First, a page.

2015/SF/Mobile phone apps

From IndieWeb

Ryan Barrett, Kyle Mahan, and Template:wavis spent most of the session cataloguing and analyzing the high level options for the mobile posting app we'd like. Ben Werdmüller and Erin Jo Richey also contributed.

Of the options below...

Build from scratch

Pure mobile webapp

This is described in detail here. In short, it'd be a pure web app that uses mobile web technologies to run offline, sync with your site when you're online, and otherwise look and feel like a native app. We'd write it in HTML5/JS/CSS, and it would work with any site that supports h-feed and micropub.

Pros: write once run anywhere, web first, etc.

Cons: bad/missing support for some media features (resizing large images, transcoding audio and video, etc.), and generally weak support in browsers that are tuned for consumption, not creation. (This is why Ben Werdmüller et al largely abandoned this approach for Known.)

Pure native apps

These would be native apps on as many platforms as we choose to implement - Android, iOS, FirefoxOS, etc.

Pros: good support for device features (capturing pictures, video, etc), native look and feel

Cons: lots of development work

Write once run anywhere wrapper

Many of these exist: Cordova/PhoneGap, JavaFX, React Native, etc. The promise is that you write the app once, in HTML5 or Java or whatever, and you get native look and feel and access to APIs, device features, etc.

The reality, of course, is mixed...but they're still definitely worth a look.

Extend an existing app


Ben Roberts is extremely prolific, and one of his projects, MobilePub, already does much of what we need. It's a full featured posting app that speaks micropub, supports media and other post types, etc. It's based on Cordova/PhoneGap.

The main features we'd want to add are offline support*, h-feed fetching, editing/updating existing posts, etc.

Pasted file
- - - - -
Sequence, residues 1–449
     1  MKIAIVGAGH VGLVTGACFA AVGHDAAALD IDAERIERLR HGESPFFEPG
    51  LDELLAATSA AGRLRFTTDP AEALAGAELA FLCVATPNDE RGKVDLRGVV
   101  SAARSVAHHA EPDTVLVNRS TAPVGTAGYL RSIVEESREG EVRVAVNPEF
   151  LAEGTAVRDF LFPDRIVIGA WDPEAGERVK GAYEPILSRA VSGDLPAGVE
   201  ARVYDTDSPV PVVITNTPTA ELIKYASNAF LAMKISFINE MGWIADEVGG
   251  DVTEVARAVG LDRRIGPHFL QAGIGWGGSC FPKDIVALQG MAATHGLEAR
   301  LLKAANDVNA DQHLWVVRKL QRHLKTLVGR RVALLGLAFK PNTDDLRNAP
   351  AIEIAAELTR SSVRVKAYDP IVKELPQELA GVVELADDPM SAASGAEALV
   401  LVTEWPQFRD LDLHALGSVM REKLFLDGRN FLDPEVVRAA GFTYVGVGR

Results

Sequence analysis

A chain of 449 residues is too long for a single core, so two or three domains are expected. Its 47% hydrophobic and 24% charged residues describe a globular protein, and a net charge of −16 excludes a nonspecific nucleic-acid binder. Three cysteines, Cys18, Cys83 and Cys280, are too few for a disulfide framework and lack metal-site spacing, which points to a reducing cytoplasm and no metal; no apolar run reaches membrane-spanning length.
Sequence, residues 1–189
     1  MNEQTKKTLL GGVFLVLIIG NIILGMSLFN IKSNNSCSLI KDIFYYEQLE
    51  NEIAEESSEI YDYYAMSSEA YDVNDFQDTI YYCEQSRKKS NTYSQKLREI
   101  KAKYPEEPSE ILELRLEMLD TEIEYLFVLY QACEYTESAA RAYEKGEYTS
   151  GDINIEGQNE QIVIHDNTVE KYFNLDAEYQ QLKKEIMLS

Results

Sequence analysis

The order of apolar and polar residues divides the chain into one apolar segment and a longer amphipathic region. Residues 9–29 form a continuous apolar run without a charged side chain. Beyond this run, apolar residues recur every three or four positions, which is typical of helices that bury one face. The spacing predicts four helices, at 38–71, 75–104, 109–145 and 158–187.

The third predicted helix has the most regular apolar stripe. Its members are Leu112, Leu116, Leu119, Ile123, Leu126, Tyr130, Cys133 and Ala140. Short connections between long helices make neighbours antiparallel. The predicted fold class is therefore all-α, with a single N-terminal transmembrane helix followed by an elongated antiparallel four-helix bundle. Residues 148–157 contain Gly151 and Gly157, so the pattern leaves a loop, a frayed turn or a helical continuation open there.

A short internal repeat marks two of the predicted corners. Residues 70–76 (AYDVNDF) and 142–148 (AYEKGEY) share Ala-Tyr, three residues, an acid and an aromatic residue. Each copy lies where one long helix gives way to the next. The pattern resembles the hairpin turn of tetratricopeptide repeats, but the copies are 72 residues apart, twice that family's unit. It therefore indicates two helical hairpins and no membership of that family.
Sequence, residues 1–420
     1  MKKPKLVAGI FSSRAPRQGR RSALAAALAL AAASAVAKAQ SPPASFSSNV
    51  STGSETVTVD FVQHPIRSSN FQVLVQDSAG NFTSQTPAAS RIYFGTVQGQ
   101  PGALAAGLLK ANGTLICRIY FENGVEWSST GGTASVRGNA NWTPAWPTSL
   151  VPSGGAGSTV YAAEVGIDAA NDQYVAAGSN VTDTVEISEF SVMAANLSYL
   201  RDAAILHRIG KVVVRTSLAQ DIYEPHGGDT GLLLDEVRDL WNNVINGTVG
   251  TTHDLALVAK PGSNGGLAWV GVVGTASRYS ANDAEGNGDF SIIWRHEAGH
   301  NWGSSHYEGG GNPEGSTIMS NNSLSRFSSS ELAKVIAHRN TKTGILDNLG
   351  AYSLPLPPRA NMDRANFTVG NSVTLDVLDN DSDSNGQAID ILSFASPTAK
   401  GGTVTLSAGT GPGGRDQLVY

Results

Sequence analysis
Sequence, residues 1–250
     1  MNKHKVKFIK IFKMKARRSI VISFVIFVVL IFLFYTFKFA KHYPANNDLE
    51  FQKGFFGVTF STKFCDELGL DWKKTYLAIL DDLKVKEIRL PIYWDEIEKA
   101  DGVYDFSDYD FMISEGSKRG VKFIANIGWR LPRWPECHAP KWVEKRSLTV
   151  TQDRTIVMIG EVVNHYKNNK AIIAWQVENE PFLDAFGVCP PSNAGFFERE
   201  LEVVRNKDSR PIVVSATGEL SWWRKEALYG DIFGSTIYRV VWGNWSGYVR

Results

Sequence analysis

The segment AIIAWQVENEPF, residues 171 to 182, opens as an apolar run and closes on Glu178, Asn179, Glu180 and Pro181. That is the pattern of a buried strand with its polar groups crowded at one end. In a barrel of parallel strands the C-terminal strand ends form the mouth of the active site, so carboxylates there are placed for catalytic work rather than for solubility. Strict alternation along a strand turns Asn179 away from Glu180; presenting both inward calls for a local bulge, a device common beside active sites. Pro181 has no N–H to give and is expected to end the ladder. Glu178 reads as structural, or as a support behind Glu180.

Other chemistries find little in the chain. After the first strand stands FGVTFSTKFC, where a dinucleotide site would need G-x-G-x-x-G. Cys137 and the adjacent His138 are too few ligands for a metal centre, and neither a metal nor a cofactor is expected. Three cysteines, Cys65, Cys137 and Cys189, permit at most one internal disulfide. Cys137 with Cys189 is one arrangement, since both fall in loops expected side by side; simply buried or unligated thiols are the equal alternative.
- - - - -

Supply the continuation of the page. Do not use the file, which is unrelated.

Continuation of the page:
• Update: already has at least some offline support, queueing posts when offline.


We suspect that the vast majority of current IndieWeb users are evenly split between Known and WordPress. Anecdotally, based on Bridgy stats, Ryan Barrett thinks their combined share is ~98-99%. The remaining ~1% use a variety of other options, some homegrown, some larger projects like Drupal and ProcessWire.

WordPress has its own first-class offline-first mobile apps, and Known has a web-based posting UI that works well on mobile. We could just extend that with app cache, localStorage for offline usage, and h-feed fetching and synching with Web/Service Workers. Combined with WordPress's existing apps, that would get us good offline-first clients for almost all of the current IndieWeb.

Ben Werdmüller wants to build a Known-specific mobile app that would also cover site creation and administration. As the goals of this differ slightly from a multi-platform indieweb app, he thinks both this and extending MobilePub should coexist, so they can test and develop features according to their differing priorities, and is happy to commit to Known compatibility with MobilePub.